The art of getting lost (Lovett, 2008:9) is far from what I do. Donors tell me what to write, what to say, how to do it and when. It is like cycling in a city. You have your path, the road and just follow it. Walking is different. You still have a destiny but you are open to change your way in little steps. You are open to learning different ways of doing things. There is more variety. Applied to the development world, it gives you more flexibility to adopt other knowledge and learning processes.

´´Monday morning and there is a lot of traffic. I suddenly remember one of the classes in IDS about power. I really loved that class. I never thought about power before. I look at those cars, going fast and, out of the blue, my mind goes to a small village where a development project is being implemented. I wonder what the villagers may think when development workers arrive in the village for the first time in such big and powerful cars. They may not want to connect with them. Inside your car you do not feel, you do not smell, you do not interact. You are in a bubble´´.

When working in the development field, the way people approach someone is very important (Gregg and Seigworth, 2010). Going in those big and powerful cars, villagers might feel excluded and disconnected from those inside. In a car we do not interact with them, we just invade their space. I wonder how different it would be to arrive at the village walking. I look around my office and I wonder whether the bubble above described is the same that I live within now.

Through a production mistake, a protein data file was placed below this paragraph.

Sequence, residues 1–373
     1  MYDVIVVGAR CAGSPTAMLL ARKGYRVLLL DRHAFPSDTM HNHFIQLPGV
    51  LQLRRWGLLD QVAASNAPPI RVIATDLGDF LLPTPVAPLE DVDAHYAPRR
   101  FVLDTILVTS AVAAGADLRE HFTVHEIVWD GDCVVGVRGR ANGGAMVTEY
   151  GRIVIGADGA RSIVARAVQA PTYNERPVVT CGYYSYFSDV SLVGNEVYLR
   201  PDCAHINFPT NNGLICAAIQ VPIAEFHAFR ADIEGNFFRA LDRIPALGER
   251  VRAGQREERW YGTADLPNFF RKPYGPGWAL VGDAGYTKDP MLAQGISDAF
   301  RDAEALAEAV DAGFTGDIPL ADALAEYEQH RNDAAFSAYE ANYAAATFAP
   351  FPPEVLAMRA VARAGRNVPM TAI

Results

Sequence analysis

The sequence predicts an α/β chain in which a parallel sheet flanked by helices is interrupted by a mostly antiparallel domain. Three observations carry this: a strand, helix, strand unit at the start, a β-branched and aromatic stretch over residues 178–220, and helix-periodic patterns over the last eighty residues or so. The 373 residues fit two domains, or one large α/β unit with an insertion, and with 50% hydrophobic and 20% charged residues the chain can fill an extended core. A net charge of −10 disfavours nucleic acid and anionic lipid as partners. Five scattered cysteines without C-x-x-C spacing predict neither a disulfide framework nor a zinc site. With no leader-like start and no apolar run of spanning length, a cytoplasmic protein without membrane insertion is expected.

´´Surrounded by trees, I feel the power of nature. Peace, freedom is what comes to my mind. Also a primitive sense of being human. Most of the times we forget. But now, I rediscover its power again. I feel part of the ecosystem, part of a whole design. I believe that the same happens with people. We are part of a community. One tree contributes to the ecosystem but the forest boost its benefits. A person is the same. One can do many things, but the community can bring change´´.

Like when cycling, in my current job, I became very individualistic and closed. Cycling is an individual activity that does not need input from others, does not allow others to interact. I spend long hours alone doing the same. I suppose that it is normal as in all jobs we need time to do our job independently, but I feel that I have lost the sense of community. Walking allowed me to reflect individually but also in a community. A friend of mine used to walk with me every day. We shared experiences, feelings, thoughts, stories, we laughed, we reflected on life. When cycling, I could not have enjoyed its company.